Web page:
In 1930, Rust became the first editor of the party's newspaper, the Daily Worker. He served for two years, before becoming the CPGB's representative in Moscow. This was followed by becoming a party organiser in Lancashire. Rust was described by a colleague at this time as "round and pink and cold as ice." Another friend said that he rarely saw him smile.

Rust, along with Rajani Palme Dutt, Harry Pollitt, John R. Campbell and William Gallacher, played an important role in maintaining support for Joseph Stalin in his struggle with Leon Trotsky. In the Daily Worker he attempted to justify the Great Purge.

The Communist Party of Great Britain supported the Popular Front government during the Spanish Civil War. Officially Rust became the Daily Worker representative with the International Brigade in Spain where he served with Will Paynter and Harry Dobson. In reality he was Britain's senior commissar and a Comintern representative, with an office in Barcelona.

In September 1939, Harry Pollitt welcomed the British declaration of war on Nazi Germany. Joseph Stalin was furious with Pollitt's statement as the previous month he had signed the Soviet-Nazi Pact with Adolf Hitler.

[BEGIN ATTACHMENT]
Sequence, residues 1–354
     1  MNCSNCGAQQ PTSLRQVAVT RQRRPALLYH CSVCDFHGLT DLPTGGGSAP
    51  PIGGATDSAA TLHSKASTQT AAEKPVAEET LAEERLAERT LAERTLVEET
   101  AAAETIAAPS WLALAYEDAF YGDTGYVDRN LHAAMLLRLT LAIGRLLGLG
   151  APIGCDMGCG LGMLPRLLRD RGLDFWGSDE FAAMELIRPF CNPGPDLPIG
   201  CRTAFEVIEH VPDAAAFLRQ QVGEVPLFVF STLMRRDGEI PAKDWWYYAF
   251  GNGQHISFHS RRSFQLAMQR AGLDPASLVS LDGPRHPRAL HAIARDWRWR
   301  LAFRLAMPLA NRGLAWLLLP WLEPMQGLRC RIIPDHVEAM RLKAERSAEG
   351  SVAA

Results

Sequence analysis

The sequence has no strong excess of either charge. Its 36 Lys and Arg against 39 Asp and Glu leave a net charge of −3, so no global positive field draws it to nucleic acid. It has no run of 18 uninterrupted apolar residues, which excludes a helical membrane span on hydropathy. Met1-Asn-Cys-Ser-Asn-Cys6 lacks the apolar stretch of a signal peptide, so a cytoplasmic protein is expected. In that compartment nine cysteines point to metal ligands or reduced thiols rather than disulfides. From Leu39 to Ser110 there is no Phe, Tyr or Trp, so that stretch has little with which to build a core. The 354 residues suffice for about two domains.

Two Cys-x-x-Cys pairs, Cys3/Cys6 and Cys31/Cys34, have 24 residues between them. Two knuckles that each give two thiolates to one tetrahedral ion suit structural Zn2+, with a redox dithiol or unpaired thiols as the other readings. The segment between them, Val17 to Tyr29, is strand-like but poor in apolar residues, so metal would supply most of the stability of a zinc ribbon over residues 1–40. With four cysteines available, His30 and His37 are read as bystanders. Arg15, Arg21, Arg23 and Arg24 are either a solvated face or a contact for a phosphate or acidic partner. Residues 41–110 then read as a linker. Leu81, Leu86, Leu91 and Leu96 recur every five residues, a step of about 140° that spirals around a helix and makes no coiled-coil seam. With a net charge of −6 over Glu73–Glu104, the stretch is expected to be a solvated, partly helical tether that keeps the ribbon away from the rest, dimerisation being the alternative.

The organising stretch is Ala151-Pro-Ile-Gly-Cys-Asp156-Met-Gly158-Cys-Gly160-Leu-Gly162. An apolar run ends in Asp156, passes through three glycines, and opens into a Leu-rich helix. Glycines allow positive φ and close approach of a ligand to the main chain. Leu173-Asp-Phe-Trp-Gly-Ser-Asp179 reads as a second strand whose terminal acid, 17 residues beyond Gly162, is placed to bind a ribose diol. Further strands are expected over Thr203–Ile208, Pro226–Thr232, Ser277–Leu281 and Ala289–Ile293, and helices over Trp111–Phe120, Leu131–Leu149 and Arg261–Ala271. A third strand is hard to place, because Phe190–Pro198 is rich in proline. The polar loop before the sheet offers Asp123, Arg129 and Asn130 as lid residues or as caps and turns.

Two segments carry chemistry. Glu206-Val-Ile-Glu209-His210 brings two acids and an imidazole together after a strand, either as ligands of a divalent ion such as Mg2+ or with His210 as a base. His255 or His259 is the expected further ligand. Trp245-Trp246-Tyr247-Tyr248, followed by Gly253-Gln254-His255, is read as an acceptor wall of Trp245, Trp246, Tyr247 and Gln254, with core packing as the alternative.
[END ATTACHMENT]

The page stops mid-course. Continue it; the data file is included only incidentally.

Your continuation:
At a meeting of the Central Committee on 2nd October 1939, Rajani Palme Dutt demanded "acceptance of the (new Soviet line) by the members of the Central Committee on the basis of conviction". He added: "Every responsible position in the Party must be occupied by a determined fighter for the line." Bob Stewart disagreed and mocked "these sledgehammer demands for whole-hearted convictions and solid and hardened, tempered Bolshevism and all this bloody kind of stuff."

William Gallacher agreed with Stewart: "I have never... at this Central Committee listened to a more unscrupulous and opportunist speech than has been made by Comrade Dutt... and I have never had in all my experience in the Party such evidence of mean, despicable disloyalty to comrades." Harry Pollitt joined in the attack: "Please remember, Comrade Dutt, you won't intimidate me by that language. I was in the movement practically before you were born, and will be in the revolutionary movement a long time after some of you are forgotten."

John R. Campbell, the editor of the Daily Worker, thought the Comintern was placing the CPGB in an absurd position. "We started by saying we had an interest in the defeat of the Nazis, we must now recognise that our prime interest in the defeat of France and Great Britain... We have to eat everything we have said."